Please use this identifier to cite or link to this item: http://hdl.handle.net/2248/3847
Title: The Rapidly Flaring Afterglow of the Very Bright and Energetic GRB 070125
Authors: Updike, A. C
Haislip, J. B
Nysewander, M. C
Fruchter, A. S
Kann, D. A
Klose, S
Milne, P. A
Williams, G. G
Zheng, W
Hergenrother, C. W
Prochaska, J. X
Prochaska, J. X
Mirabal, N
Thorstensen, J. R
van der Horst, A. J
Starling, R. L. C
Racusin, J. L
Burrows, D. N
Kuin, N. P. M
Roming, P. W. A
Bellm, E
Hurley, K
Li, W
Filippenko, A. V
Blake, C
Starr, D
Falco, E. E
Brown, W. R
Dai, X
Deng, J
Xin, L
Qiu, Y
Wei, J
Urata, Y
Nanni, D
Palazzi, E
Greco, G
Bartolini, C
Guarnieri, A
Piccioni, A
Pizzichini, G
Terra, F
Misra, K
Bhatt, B. C
Anupama, G. C
Fan, X
Jiang, L
Wijers, R. A. M. J
Reichart, D. E
Eid, H. A
Bryngelson, G
Puls, J
Goldthwaite, R. C
Hartmann, D. H
Keywords: Multiwavelength Observations;X-Ray;Radio Wave Bands;IPN-Localized Gamma-Ray Burst GRB 070125;Spectroscopic Observations;Galaxy;Supernova;Gamma-Ray Detectors
Issue Date: Sep-2008
Publisher: The American Astronomical Society
Citation: Astrophysical Journal, Vol. 685, No. 1, pp. 361-375
Abstract: We report on multiwavelength observations, ranging from X-ray to radio wave bands, of the IPN-localized gamma-ray burst GRB 070125. Spectroscopic observations reveal the presence of absorption lines due to O I, Si II, and C IV, implying a likely redshift of z=1.547. The well-sampled light curves, in particular from 0.5 to 4 days after the burst, suggest a jet break at 3.7 days, corresponding to a jet opening angle of ~7.0/sup°, and implying an intrinsic GRB energy in the 1-10,000 keV band of around E/subγ=(6.3-6.9)×10/sup51 ergs (based on the fluences measured by the gamma-ray detectors of the IPN). GRB 070125 is among the brightest afterglows observed to date. The SED implies a host extinction of AV<0.9 mag. Two rebrightening episodes are observed, one with excellent time coverage, showing an increase in flux of 56% in ~8000 s. The evolution of the afterglow light curve is achromatic at all times. Late-time observations of the afterglow do not show evidence for emission from an underlying host galaxy or supernova. Any host galaxy would be subluminous, consistent with current GRB host galaxy samples. Evidence for strong Mg II absorption features is not found, which is perhaps surprising in view of the relatively high redshift of this burst and the high likelihood for such features along GRB-selected lines of sight.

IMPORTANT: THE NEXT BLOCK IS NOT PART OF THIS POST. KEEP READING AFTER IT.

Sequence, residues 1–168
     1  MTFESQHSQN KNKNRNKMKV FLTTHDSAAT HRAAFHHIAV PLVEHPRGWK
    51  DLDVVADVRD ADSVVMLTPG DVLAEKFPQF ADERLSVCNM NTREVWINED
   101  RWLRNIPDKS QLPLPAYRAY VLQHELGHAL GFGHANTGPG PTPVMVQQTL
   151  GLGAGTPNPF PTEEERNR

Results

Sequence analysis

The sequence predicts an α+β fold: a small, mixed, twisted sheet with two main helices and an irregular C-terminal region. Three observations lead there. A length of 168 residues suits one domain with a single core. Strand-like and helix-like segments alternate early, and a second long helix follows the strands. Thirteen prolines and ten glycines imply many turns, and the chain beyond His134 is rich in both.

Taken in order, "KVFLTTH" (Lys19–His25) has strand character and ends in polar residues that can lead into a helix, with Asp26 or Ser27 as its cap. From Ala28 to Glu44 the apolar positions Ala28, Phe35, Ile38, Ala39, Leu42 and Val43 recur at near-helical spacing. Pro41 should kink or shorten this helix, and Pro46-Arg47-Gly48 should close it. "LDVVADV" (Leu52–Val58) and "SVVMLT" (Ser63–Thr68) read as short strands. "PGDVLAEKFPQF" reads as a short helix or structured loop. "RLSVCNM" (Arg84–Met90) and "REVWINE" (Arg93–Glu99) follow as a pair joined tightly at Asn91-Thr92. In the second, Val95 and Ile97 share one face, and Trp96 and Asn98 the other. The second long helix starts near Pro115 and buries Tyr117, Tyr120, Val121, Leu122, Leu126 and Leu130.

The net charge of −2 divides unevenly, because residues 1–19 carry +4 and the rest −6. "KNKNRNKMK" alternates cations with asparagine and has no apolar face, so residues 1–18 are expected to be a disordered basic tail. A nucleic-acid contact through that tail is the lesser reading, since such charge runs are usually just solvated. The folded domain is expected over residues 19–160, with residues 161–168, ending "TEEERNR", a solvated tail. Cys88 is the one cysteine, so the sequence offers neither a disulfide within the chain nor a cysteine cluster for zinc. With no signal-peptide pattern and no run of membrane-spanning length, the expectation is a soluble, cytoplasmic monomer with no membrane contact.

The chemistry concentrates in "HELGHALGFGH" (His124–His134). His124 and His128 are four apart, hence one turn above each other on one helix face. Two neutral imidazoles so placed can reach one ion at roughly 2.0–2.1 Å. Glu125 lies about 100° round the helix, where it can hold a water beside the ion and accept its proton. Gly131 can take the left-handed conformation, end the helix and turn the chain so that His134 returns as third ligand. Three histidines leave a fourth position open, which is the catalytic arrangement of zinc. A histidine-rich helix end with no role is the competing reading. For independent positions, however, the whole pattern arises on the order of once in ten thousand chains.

URI: http://hdl.handle.net/2248/3847
ISSN: 0004-637X
???metadata.dc.rights???: © The University of Chicago Press. All rights reserved.
???metadata.dc.relation.uri???: http://www.journals.uchicago.edu/doi/abs/10.1086/590236
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